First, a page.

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SALT LAKE CITY -- New technology will give air travelers another option at the security checkpoint at Salt Lake International Airport.
Tuesday the TSA will begin using a new screening machine that scans passengers' bodies and creates a 3-dimensional image.
Travelers will now choose to either go through the metal detectors and get a pat-down or try the new millimeter wave technology Whole Body Imaging Scan.
The millimeter wave technology passes an electromagnetic wave over the body to create an image that looks like a fuzzy photo negative. The scanner can detect plastics, ceramics and metals hidden on the body.
TSA says the technology is safe. It says the machine's energy wave is 10,000 times less than what is produced by a cell phone.
It's a very simple process that TSA says takes only a few seconds to complete. A customer walks into the scanner, it produces the image of their body, and then they walk out.
Many people we spoke to say it's a little intimidating, but if it helps security, they are all for it.
Brandy Sorenson said, "I like the idea of being safer and being able to see behind the clothes makes all of us safer out there."
Brenda Alexander said, "I think it would be good, to be able to see things underneath and things that would be hidden that no one sees just with the scanning one."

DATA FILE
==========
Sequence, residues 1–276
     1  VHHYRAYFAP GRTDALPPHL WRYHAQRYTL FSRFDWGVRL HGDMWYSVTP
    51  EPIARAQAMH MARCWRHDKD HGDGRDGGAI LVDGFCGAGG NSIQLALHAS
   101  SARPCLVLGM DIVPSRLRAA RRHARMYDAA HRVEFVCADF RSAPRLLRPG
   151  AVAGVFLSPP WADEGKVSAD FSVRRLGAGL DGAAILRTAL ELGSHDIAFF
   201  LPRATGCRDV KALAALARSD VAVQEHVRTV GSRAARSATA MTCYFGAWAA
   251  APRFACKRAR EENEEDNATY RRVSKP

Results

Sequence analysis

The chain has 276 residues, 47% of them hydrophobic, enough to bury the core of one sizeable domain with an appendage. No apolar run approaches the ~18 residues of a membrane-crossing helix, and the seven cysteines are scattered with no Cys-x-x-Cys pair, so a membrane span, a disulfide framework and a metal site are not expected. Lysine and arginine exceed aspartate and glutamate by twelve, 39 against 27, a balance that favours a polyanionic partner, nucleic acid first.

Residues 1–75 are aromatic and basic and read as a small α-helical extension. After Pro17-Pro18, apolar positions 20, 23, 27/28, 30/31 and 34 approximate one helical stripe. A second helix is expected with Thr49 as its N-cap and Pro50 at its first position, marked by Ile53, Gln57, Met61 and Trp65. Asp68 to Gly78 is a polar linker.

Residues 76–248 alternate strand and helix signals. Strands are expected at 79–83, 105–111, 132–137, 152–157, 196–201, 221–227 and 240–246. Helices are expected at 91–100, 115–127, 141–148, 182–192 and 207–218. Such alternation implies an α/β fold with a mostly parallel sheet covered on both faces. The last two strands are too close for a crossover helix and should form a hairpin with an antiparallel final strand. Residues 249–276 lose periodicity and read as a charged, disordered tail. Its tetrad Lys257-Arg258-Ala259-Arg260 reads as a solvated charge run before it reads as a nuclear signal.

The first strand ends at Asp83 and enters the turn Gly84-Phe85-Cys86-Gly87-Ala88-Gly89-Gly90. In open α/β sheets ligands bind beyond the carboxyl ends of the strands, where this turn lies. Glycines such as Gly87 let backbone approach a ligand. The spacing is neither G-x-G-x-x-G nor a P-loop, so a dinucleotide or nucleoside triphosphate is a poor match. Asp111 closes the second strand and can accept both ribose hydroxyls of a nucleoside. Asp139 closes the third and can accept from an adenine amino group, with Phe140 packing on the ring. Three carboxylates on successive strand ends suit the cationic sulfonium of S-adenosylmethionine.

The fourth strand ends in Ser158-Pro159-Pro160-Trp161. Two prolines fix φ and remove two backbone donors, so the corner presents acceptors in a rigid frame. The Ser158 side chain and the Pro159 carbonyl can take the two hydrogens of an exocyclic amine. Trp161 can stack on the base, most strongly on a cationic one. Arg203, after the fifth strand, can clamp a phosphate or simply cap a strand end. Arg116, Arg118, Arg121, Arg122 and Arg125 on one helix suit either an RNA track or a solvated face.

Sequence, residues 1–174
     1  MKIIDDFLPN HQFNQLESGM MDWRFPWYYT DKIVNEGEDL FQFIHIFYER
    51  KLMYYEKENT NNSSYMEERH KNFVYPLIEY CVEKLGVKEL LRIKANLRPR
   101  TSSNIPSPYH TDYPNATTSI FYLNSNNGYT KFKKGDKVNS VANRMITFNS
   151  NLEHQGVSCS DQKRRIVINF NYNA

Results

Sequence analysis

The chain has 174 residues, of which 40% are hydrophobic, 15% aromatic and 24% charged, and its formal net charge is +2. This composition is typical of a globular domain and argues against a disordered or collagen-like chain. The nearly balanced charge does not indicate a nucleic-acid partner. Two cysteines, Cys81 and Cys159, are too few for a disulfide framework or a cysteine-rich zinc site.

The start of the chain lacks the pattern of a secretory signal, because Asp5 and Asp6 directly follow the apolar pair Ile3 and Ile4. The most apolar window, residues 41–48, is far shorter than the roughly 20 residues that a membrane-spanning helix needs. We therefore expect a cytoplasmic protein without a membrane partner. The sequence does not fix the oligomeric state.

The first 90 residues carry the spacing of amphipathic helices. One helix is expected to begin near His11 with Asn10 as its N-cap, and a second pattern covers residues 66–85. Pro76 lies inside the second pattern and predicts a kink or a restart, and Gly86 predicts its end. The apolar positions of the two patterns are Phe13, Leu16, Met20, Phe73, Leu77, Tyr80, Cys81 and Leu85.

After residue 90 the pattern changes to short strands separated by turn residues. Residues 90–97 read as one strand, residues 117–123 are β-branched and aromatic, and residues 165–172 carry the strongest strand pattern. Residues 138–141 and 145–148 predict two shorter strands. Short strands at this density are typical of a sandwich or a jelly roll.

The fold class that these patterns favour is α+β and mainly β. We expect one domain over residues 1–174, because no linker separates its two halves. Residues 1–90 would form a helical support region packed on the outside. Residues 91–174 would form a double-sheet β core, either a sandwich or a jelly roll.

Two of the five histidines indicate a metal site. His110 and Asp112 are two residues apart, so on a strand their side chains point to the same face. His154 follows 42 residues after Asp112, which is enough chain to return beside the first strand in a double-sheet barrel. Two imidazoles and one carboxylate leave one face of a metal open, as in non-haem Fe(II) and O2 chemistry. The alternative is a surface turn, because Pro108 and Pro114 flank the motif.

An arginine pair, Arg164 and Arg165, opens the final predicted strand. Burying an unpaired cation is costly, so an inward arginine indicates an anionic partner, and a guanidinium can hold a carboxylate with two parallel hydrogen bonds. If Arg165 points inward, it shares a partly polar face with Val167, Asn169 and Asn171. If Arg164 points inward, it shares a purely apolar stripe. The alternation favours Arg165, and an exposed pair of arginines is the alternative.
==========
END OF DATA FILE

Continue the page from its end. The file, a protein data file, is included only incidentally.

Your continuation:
TSA says it has ensured passenger privacy through anonymity. When the body image is produced, the officer attending the passenger cannot view the image. The officer viewing the image is remotely located behind a frosted glass panel and cannot see the passenger.
On the 3-D image, the facial area is blurred out. After it's viewed, it's immediately deleted. The machine restricts the image from being stored, transmitted or printed.
There are 20 other airports that have secondary programs similar to this, but Salt Lake International is one of only six that will use this as a primary scanner for passengers.
Right now, 100 TSA agents are trained to use the $170,000 scanner at the Salt Lake airport.
This is part of a 6-month pilot program. The TSA will evaluate the data and decide if it wants to purchase more scanners.